It might be far-fetched to consider this scenario, but if Charest doesn’t get a majority, he’s staring down a pretty hefty opposition. The PQ will get a second wind after a solid turnout, and the ADQ will be aching to make itself relevant again, perhaps by angling to bring down the government.
For what it’s worth, Khadir appears to be holding on to his lead over Daniel Turp in Mercier.
The popular vote is tightening between the Liberals and the PQ. The Liberals are at 41% and the PQ is at 37%, but keep in mind that Quebec’s electoral map favours the PQ. (Lucien Bouchard got a majority in 1998 even though Charest took the popular vote.)
I can’t re-emphasize this enough, but the Liberals are far from being in the clear. According to Michel Auger at Rad-Can, there are 6 ridings with a less than 200 vote difference right now and the Liberals are only leading in 63 ridings, the bare minimum for a majority.
It’ll be hard to gauge before all the results are in, but the PQ’s results appear to be better than anyone had predicted. If they come out as official opposition in a minority government, at least some of the blame has to be laid at the federal Conservatives’ feet for stoking the sovereignist fires in the province.
I had a really compelling chat earlier today with a veteran of past Liberal governments. He warned me that Charest was hardly assured of a majority. At the time, I blew it off as pre-election jitters, but I’m starting to think I totally overlooked just how fragile Charest’s support was.
You gotta love the fact Bill Clennett, the guy best known for getting choked by Jean Chrétien at a rally in 1996, gets a shout-out from Françoise David for getting 9% of the vote in an Outaouais riding.
Amir Khadir has just defeated Daniel Turp in Mercier to become the first Québec solidaire MNA in history. I’ll toast that.
Okay, so Khadir’s speech isn’t exactly Obama-esque. I’m sure he broke some cardinal rule about the cliché-to-verb ratio in a single paragraph.
Dumont says he just offered Charest his collaboration in the National Assembly.
Charest is leading in 66 ridings now.
Dumont just resigned as leader!
Of course, whenever any party goes from 41 to 7 seats, the future’s not looking bright. But without Dumont, there just isn’t much to the ADQ. He’s had a (relatively) good run, but he’s always been hampered by the risible quality of his entourage. Take him out of the equation, and only the entourage is left. Good night, ADQ.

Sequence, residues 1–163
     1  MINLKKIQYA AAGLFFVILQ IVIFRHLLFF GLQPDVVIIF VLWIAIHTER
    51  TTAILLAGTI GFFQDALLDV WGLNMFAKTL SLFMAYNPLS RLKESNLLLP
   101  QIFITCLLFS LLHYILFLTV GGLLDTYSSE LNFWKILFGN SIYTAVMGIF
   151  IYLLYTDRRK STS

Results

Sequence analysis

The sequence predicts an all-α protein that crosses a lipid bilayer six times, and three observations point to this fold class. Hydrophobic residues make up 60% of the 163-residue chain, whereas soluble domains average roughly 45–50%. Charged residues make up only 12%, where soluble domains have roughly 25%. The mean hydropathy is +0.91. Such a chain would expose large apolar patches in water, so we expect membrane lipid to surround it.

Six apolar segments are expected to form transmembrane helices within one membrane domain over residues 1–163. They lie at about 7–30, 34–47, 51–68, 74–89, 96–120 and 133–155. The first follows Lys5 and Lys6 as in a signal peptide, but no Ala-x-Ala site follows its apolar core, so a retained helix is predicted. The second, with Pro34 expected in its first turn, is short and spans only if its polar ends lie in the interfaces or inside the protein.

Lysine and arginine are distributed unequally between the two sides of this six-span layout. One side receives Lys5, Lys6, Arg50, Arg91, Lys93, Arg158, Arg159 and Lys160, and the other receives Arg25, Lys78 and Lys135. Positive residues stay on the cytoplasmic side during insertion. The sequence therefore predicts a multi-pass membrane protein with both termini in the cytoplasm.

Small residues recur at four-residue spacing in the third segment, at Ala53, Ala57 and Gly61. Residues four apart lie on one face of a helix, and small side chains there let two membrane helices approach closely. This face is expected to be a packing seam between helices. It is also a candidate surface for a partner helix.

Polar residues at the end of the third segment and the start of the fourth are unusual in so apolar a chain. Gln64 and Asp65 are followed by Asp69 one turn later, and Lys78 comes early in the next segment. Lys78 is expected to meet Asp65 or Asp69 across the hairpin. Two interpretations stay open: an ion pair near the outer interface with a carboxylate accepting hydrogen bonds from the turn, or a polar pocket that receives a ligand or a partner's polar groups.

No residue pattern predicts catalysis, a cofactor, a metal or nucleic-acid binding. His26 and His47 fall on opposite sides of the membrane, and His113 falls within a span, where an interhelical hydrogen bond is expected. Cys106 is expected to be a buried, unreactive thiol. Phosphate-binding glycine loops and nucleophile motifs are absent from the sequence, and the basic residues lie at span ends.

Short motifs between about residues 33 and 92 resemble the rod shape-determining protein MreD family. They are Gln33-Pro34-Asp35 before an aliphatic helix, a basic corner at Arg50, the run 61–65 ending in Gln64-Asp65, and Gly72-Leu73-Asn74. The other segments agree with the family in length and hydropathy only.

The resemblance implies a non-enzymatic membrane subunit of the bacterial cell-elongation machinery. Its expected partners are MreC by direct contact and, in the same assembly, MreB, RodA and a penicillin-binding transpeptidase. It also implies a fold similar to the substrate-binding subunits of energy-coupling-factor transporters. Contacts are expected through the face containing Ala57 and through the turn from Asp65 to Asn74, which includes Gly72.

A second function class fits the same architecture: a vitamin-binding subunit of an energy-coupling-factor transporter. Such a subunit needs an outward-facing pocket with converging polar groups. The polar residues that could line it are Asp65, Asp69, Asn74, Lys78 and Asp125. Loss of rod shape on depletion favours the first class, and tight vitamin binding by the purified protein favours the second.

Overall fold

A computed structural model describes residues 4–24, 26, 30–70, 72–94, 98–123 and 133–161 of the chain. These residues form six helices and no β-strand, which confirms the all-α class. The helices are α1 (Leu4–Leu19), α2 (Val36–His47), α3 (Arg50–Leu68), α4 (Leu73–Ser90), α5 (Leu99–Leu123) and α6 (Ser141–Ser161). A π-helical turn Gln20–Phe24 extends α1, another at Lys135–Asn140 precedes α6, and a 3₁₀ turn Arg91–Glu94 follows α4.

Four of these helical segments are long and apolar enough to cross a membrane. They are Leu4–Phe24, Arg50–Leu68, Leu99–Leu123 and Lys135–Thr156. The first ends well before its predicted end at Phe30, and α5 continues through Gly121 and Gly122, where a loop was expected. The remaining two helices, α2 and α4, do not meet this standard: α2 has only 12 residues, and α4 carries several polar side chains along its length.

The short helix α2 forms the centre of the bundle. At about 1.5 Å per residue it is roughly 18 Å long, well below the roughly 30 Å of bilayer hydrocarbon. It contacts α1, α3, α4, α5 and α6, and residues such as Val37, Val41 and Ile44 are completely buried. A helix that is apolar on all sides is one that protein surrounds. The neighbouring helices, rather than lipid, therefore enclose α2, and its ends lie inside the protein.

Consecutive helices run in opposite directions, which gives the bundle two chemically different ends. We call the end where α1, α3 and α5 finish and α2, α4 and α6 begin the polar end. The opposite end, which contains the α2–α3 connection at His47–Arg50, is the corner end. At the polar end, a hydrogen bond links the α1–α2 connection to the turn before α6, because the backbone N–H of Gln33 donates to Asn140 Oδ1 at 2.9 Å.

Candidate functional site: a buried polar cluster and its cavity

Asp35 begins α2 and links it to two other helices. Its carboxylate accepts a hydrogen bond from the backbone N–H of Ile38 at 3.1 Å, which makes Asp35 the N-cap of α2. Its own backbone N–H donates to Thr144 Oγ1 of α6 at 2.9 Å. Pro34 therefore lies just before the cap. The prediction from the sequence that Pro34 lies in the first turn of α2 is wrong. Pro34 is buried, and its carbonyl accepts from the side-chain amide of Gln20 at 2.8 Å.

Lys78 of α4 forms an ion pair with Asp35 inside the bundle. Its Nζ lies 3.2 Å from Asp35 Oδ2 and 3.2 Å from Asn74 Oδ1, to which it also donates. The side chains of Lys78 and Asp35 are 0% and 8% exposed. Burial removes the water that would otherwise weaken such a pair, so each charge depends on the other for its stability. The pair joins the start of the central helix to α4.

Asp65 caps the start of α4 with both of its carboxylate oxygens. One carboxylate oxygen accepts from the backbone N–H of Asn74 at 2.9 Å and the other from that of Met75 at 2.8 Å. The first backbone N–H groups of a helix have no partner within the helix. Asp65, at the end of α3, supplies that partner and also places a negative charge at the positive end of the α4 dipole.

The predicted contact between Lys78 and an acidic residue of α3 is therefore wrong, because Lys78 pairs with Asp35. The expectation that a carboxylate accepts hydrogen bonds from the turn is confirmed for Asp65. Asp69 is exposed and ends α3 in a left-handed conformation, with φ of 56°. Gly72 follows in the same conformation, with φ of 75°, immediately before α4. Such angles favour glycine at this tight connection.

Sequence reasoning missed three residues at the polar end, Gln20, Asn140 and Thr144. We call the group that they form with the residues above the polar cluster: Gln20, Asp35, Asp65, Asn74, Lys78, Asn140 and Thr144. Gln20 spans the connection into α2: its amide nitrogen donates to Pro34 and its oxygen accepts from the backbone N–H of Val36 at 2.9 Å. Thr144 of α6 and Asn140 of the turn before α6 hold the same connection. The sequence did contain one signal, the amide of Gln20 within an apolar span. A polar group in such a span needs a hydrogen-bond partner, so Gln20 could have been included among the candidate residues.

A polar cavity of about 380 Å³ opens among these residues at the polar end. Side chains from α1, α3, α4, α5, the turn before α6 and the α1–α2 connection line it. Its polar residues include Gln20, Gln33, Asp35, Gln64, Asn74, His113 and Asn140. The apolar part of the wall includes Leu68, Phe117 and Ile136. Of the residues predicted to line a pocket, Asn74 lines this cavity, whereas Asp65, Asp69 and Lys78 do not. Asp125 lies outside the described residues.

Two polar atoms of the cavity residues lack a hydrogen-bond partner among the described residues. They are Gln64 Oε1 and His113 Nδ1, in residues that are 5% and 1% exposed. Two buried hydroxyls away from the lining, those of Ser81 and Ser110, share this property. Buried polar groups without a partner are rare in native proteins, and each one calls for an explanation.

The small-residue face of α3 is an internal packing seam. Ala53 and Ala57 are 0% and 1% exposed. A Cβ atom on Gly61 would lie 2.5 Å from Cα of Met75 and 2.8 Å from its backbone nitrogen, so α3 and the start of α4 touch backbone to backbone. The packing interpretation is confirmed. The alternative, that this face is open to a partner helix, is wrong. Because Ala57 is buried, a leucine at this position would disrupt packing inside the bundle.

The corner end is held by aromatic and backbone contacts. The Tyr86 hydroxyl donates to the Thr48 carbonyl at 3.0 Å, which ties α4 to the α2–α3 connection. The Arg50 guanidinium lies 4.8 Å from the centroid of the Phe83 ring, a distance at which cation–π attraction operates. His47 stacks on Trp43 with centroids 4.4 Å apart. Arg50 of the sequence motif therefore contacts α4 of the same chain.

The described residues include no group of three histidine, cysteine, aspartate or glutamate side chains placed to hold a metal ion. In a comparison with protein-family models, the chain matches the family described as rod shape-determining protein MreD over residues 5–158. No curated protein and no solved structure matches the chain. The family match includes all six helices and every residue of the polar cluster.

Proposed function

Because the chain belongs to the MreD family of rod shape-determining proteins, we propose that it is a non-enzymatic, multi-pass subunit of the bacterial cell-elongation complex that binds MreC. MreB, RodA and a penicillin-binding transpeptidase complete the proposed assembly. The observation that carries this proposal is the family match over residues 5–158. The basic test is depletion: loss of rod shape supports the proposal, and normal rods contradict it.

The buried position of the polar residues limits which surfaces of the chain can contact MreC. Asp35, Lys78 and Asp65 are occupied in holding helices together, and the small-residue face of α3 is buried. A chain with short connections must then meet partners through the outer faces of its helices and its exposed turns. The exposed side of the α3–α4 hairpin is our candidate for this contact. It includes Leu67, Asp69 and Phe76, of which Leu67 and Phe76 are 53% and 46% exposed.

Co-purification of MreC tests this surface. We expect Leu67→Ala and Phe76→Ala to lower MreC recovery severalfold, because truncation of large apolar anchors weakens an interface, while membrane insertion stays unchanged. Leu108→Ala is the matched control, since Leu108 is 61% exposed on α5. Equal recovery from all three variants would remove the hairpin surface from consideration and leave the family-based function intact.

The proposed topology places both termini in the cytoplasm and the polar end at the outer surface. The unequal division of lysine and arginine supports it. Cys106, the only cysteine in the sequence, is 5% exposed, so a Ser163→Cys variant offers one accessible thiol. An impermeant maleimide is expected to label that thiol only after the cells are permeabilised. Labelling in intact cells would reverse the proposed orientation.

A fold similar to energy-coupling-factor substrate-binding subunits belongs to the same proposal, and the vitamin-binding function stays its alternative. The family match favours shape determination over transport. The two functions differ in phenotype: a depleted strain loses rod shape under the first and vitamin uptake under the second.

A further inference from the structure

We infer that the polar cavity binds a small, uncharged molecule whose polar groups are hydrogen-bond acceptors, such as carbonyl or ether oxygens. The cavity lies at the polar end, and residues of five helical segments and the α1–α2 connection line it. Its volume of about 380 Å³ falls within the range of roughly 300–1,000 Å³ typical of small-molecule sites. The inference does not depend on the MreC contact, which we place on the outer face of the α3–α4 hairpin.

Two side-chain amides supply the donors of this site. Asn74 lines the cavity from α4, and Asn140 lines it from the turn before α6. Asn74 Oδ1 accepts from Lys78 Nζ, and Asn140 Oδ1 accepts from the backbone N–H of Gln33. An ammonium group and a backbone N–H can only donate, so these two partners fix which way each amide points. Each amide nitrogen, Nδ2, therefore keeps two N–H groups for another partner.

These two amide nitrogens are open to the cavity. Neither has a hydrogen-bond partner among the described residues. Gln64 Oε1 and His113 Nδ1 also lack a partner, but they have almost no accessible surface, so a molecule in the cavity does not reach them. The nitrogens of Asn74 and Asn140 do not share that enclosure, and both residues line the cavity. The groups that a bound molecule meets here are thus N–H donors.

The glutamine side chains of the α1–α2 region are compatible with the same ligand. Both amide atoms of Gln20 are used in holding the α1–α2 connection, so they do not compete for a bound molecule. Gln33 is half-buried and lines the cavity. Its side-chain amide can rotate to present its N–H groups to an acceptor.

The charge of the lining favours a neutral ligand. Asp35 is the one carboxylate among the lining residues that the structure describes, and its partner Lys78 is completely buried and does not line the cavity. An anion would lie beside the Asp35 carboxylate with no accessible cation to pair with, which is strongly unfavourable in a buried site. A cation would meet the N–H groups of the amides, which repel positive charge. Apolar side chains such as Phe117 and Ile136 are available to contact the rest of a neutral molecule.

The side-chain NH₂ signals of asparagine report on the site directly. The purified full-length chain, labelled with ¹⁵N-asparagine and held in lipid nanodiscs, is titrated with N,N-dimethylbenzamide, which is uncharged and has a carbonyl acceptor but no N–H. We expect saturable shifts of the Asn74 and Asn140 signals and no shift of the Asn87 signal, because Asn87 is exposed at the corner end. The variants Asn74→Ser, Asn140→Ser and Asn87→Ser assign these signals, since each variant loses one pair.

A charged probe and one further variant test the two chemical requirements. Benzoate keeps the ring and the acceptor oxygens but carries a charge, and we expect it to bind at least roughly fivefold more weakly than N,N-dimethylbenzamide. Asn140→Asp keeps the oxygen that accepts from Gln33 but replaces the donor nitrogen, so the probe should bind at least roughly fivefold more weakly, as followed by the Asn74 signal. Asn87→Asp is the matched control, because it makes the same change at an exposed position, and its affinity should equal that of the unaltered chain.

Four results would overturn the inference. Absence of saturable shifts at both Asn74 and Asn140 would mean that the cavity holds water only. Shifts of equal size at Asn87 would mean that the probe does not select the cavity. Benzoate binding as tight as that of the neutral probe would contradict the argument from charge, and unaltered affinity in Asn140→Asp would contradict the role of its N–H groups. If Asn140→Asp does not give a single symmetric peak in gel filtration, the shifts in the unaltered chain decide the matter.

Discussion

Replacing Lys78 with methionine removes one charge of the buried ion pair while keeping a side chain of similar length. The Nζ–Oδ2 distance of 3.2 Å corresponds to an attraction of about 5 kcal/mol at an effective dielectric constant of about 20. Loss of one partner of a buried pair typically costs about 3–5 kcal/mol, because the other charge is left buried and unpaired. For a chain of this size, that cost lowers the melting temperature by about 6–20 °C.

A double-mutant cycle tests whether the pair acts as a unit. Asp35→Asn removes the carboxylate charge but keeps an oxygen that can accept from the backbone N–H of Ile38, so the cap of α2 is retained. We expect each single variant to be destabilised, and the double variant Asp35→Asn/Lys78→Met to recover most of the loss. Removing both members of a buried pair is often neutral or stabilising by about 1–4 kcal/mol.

Here’s an interesting idea: If the ADQ folds, how hard should Charest go after their MNAs to bolster his (majority?) government? Those 6 or 7 MNAs will be mighty useful to both sides of the National Assembly.
With Dumont’s exit, have Quebec politics effectively been normalized? By ‘normal’, I mean a situation in which every major party competes to actually govern rather than revolutionize the government. When you consider that Charest has backed off his “re-engineering of the state,” Marois has ditched the notion of a referendum, and Dumont is calling it a day and likely taking his party with him, provincial politics in Quebec appear to have just gotten kinda… boring.
The party numbers haven’t shifted in a while: Libs still at 66 and PQ still at 51.
It’s looking like things are about to get in the hands of the ballot re-counters, so I’ll wrap things up from my end. I have to say, I never expected Dumont to step down as leader, just as I didn’t expect the PQ to get to 50 seats. The real story, though, is that Charest rolled the dice on a majority and won. The Liberals made significant gains in traditional PQ stomping grounds in the province’s resource regions (Abbitibi, northern Quebec) and that will likely stabilize the government as it stares down a recession. Given that those are the areas likely to be hardest hit in the financial crisis, the Liberals needed to make gains there to ensure their legitimacy. Still, Marois and the PQ are in a strong position and will be able to act as the opposition the ADQ never became.
Good night, everyone.